H1Z1 Review (PC)
Being the granddaddy of Battle Royale games, H1Z1 just recently went out of early access and finally joined its successors, PlayerUnknown’s Battlegrounds and Fortnite.
As a Battle Royale game, H1Z1 brings in the usual setup: you’ll have to run around arenas getting weapons and ammo as you try to be the last man, duo, or team standing. The arena has a built-in timer where the borders decrease at regular intervals. Unlike Fortnite, where you are damaged by the storm, or PUBG, where you are killed by the shield, in H1Z1 you are killed by the poisonous gas being spread at the borders.
You gather, weapons, ammunition, and equipment that is scattered all throughout the field that is randomly generated per round. Unlike the other BR games though, you can dictate where you can drop off from the plane by choosing it before the round starts. Another unique feature that H1Z1 has is that the locations within the map have certain biases when it comes to loot they give. This means that if you land near the gas station or a warehouse you can expect more of the items that you desire in those areas. In other games like PUBG/Fortnite, the drops are almost truly random.
H1Z1 has a crafting system in place just like Fortnite. The difference between the two is that Fortnite’s crafting system is focused mostly on creating walls, floors stairs, and roofs, while H1Z1’s crafting is mostly focused on creating utility and healing items for yourself, your partner or your squad.
Another difference is that Fortnite’s materials comes from farming almost everything you can see in the field. H1Z1’s materials on the other hand comes from equipment you can scrap, and salvage from the various items you can find in the field.
One of the newest game features that was added to H1Z1 recently is the Auto Royale game mode. Auto Royale has full squads in two kinds of vehicles, the Sedan and the ARV. Those who queue in the game have to fill in the vehicle’s seats and be able to shoot at other players and their vehicles, with the fourth player being a designated driver.
Players can pick-up weapons, ammunition, and car upgrades as the team’s car passes through the littered power-ups in the field. Once acquired, players can then grab them from the car’s trunk and holster them just as if they were playing the normal H1Z1 PvP.
Typical to the Battle Royale game system, winning Auto Royale matches requires your team to be the last squad standing. Players can knock-out other team members in the car; however, instead of killing them, H1Z1 will have the squad member be out of commission for a while.
The whole Auto Royale game mode brings back memories of my childhoo. The game feels like it’s Twisted Metal all over again. The whole Auto Royale experience is a fun and refreshing experience for the BR game mode. However, these matches are either fast, fun, and adrenaline pumping if your squad decides to jump into the thick of it; or, if your teammates decide to be a bit too cautious, it’ll be just like any other PUBG game: a bit of farming with sporadic bursts of firefights depending on your luck when you meet in the field. Auto Royale matches can be fun to jump into if you’re a full squad, but PUGs can either be a boring BR game, or an entertaining experience, especially if you get queued into an exciting and fun group.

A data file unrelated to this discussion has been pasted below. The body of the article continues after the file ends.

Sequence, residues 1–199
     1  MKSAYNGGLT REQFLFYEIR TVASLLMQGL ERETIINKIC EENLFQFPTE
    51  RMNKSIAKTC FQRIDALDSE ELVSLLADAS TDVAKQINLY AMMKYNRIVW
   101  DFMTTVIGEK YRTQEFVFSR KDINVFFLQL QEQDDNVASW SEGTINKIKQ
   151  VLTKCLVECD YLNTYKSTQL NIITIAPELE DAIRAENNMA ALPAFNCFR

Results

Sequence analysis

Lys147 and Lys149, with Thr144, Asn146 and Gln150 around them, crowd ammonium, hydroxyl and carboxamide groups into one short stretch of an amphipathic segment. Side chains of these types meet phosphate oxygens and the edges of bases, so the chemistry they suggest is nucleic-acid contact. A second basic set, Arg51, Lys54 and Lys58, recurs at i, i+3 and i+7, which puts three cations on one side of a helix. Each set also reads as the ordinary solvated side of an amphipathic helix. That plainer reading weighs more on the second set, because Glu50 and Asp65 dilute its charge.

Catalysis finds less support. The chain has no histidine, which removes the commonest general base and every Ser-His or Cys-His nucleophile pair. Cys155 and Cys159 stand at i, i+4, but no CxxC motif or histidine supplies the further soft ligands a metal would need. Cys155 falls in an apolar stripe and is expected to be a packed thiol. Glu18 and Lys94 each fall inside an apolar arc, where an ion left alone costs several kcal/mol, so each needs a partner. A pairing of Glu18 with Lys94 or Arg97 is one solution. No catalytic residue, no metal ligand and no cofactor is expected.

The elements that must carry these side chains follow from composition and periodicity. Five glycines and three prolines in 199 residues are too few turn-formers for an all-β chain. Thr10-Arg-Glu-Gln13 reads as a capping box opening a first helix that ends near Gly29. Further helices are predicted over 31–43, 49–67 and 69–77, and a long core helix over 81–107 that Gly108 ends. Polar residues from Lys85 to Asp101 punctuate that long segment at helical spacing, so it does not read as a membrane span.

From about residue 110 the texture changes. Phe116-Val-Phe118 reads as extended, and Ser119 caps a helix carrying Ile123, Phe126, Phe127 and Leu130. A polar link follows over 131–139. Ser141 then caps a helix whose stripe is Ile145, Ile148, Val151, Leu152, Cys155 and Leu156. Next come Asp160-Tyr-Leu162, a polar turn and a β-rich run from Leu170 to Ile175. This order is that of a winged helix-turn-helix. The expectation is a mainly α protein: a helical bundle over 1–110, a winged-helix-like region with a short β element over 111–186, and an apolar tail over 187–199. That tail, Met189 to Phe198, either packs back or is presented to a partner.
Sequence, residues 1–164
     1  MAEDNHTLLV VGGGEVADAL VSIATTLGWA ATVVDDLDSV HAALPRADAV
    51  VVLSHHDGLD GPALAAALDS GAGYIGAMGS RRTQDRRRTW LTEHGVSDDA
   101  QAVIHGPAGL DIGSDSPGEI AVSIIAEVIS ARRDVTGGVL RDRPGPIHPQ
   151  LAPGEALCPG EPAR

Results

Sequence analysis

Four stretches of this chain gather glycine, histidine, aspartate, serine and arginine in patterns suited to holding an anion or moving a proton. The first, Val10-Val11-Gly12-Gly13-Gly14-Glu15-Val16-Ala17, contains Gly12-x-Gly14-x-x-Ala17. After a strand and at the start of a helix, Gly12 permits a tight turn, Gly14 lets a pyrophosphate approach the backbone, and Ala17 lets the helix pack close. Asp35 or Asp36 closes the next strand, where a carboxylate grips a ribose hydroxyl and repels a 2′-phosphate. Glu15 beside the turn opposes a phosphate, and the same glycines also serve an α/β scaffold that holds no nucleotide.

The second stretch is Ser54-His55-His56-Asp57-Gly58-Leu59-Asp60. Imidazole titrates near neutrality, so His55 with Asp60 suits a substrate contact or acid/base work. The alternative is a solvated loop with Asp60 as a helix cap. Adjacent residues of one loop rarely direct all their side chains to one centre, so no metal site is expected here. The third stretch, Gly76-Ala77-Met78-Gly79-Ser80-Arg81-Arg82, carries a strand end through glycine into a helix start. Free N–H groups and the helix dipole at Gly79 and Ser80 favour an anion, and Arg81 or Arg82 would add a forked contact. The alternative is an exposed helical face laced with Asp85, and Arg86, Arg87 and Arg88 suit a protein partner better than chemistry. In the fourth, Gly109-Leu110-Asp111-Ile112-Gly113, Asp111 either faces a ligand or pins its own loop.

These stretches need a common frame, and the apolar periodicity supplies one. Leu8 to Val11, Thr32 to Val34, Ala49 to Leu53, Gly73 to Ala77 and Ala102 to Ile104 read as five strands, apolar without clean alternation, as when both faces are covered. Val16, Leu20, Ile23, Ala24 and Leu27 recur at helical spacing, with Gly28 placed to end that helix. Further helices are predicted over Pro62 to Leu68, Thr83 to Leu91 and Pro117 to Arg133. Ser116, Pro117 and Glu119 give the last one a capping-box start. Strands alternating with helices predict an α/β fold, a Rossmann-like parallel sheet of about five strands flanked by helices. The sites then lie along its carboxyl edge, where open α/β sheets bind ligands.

Another unique game feature that seems to be followed by the other BR titles is the loot box system. It provides customization skins for not just clothes, but also weapons, vehicles, and even the parachute you use as you jump out of the ship. Skins are reminiscent of how CS:GO’s weapon skin system as the microtransaction system for the rarer skins.
However, players can earn the basic skin variations as they play religiously in H1Z1’s main game mode and level up. So at least you don’t have to keep on spending to get skin variety.
Conclusion: Good (3.5/5)
Checks all the marks that makes a great BR game, but the game stales after prolonged gameplay.
I think if I actually started playing H1Z1 before I tried playing both Fortnite and PUBG, I would’ve scored H1Z1 a bit higher than I am now. With the experience of the other major Battle Royale titles, though, I have little to almost no love with how dated H1Z1 has become. The gameplay is pretty cumbersome and highly counterintuitive. Grabbing items is a tedious task and sometimes it can even kill you because you have to really just pass through windows as you craft, salvage, or even shred items.
One of the bigger problems I’ve had with H1Z1 is that the game does feel like a combination of both Fortnite and PUBG, yet it wasn’t able to successfully make the features gel. I know it’s unfair to compare them since they are basically just parts of the game H1Z1 is; but then I can argue that with the head start H1Z1 had, it should’ve been able to keep up or at least provide more content for players. H1Z1 seems to have a glacial pace in keeping the game fresh, and it’s hurting the population, especially since it takes a long time for people to get queued into games in comparison to the other BR titles out there.
However, H1Z1 with all the outdated gameplay, still delivers a fun and enjoyable battle royale experience. It’s a good introduction to the battle royale genre specially since the game is already free-to-play. However, if you’re someone who’s already played the other more popular BR games like Fortnite and PUBG, then getting into H1Z1 is a bad idea.
Note: A game key was provided for review purposes.
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